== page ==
Whitey Bulger Case Hit Man Was Not a Classic Serial Killer


Levin speculated that Martorano might be more like landlady Dorothea Helen Puente, who in the 1980s killed for profit. She ran a boarding house in Sacramento, Calif., and cashed the Social Security checks of nine elderly and mentally disabled boarders.

Martorano rationalized his murders as acts to protect family and friends, even citing the values that stemmed from the "troubles" between factions in Northern Ireland.

"Most people in Northern Ireland never killed anyone," said Levin. "I have been there twice and they are a gentle, decent people and not serial killers."

Bulger's defense attorney, J.W. Carney, called Martorano a "criminal psychopath."

"He would kill people almost randomly," Carney said. "He would kill people as easily as we would order a cup of coffee. ... The federal government was so desperate to have John Martorano testify ... they basically put their hands up in the air and said, 'Take anything you want.'"

Experts consulted by ABCNews.com agreed that Martorano and other gangland criminals could suffer from a personality disorder, lacking conscience and empathy.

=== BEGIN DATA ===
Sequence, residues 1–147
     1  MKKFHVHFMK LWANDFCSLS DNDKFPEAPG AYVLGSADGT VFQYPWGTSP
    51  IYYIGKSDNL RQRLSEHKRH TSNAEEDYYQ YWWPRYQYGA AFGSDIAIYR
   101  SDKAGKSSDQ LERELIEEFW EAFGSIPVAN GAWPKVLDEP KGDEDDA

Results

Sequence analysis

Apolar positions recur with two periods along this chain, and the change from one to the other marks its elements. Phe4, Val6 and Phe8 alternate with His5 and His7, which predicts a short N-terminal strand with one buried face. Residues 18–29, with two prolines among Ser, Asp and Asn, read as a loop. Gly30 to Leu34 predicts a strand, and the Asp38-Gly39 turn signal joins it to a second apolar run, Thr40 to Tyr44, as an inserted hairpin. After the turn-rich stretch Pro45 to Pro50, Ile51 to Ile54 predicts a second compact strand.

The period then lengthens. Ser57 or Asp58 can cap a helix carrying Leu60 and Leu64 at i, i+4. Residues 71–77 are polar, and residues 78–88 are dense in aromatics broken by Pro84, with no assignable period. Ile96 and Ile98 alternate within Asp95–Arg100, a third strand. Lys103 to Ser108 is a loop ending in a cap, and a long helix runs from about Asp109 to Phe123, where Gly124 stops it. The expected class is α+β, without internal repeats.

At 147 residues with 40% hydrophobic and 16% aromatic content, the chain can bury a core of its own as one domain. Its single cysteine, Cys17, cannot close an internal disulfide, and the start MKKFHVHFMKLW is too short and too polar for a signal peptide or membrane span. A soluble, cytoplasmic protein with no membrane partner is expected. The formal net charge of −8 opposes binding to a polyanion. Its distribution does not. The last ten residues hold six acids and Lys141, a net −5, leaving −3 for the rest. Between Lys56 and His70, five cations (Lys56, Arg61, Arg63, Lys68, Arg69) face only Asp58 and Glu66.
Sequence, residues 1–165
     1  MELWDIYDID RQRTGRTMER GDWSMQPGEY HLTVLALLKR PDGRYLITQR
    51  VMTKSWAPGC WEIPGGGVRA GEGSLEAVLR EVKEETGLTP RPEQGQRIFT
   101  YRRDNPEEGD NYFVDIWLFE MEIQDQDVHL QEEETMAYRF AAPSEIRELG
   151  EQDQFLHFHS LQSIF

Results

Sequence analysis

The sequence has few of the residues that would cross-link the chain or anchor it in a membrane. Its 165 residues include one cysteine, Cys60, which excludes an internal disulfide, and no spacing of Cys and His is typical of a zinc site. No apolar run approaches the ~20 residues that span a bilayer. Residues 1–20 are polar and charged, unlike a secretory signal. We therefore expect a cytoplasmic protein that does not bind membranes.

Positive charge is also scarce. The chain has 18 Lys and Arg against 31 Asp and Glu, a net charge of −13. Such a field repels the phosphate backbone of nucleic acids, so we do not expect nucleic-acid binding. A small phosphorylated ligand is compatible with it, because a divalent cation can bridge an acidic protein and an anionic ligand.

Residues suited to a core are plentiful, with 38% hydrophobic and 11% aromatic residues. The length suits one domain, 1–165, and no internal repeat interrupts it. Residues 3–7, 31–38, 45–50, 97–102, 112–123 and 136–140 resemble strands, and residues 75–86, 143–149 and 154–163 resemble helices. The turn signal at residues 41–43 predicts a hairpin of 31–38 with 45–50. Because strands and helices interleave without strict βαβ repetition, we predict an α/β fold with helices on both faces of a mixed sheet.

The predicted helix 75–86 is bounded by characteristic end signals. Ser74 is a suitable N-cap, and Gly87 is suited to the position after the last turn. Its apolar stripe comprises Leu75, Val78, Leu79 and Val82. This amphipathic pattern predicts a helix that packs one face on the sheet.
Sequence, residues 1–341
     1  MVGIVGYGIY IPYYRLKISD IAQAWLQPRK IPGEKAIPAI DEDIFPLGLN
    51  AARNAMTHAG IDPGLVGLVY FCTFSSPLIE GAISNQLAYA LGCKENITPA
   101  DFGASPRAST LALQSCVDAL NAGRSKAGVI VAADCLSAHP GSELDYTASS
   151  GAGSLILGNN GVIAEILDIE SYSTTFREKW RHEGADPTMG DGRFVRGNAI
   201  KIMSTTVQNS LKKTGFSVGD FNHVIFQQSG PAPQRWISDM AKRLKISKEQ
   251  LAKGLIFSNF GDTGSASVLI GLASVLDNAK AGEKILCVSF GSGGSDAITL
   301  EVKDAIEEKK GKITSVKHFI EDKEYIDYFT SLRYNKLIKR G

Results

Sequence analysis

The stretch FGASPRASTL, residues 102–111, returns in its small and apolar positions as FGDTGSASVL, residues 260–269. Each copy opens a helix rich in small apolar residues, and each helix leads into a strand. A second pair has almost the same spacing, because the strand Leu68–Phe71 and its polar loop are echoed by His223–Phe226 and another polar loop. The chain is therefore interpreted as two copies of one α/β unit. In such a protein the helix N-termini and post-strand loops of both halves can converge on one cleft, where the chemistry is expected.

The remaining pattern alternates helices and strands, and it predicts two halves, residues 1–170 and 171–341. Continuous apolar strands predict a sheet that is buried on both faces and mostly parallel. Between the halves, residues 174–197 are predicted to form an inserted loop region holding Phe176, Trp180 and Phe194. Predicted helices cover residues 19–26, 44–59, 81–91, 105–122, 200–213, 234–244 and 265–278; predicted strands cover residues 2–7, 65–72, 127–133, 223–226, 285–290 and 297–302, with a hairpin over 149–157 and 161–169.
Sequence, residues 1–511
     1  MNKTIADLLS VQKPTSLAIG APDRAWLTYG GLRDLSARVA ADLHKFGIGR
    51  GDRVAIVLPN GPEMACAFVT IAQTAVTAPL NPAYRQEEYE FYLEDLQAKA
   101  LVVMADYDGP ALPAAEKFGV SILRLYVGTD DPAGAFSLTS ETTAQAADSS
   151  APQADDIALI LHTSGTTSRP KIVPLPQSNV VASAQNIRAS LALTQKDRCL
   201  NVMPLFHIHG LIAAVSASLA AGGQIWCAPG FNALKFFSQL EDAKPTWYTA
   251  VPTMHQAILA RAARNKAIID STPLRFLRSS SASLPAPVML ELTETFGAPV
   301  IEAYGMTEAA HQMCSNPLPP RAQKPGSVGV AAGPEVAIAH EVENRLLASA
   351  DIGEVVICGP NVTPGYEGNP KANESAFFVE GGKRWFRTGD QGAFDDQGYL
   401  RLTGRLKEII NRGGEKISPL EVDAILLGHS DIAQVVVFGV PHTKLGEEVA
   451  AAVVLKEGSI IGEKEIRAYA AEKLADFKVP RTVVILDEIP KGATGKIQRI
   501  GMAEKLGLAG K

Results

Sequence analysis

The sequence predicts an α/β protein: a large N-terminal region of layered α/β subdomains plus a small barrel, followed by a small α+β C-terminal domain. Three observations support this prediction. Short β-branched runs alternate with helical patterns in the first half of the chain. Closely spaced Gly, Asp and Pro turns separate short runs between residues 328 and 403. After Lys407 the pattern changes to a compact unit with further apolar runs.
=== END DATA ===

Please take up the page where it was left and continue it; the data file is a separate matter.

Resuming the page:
"We had a lot of problems with people," Martorano testified. "And you know, you just killed them before they kill you. It's kill or get killed, at times."

Kenneth V. Lanning, a retired special agent at the Behavioral Science Unit at the FBI's National Center for the Analysis of Violent Crime, said there is a difference between being psychotic, which is a mental illness, and being a psychopath, which is considered a legally culpable disorder.

"Lay people and the media constantly confuse and interchange the terms psychotic and psychopath, and occasionally throw in psycho to make it worse," he said. "Schizophrenia is an example of illness that causes psychosis. By definition, those who are psychotic have hallucinations, delusions and disordered thinking, or a combination of these."

Psychosis sometimes reduces a person's responsibility for a crime with court findings of "insanity," "diminished capacity" or "guilty but mentally ill," according to Lanning.

But being a psychopath involves a personality disorder, he said.

"It is not something you have, it is what you are," said Lanning. "Psychopaths know others consider what they are doing wrong. They just don't care."

Psychopaths, often excellent liars and con arts, are also held responsible for their criminal behavior, according to Lanning.

"If they were not held responsible for their criminal behavior," Lanning said, "there would not be many serious criminals left in prison.

"As they lie to you, they can look you right in the eye, swear on a stack of Bibles, and not blink an eye," he said. "They lie for the same reasons everyone lies -- the truth is damaging or embarrassing. They also lie for reasons that most people do not -- just to see if they can get away with it and to play with people."

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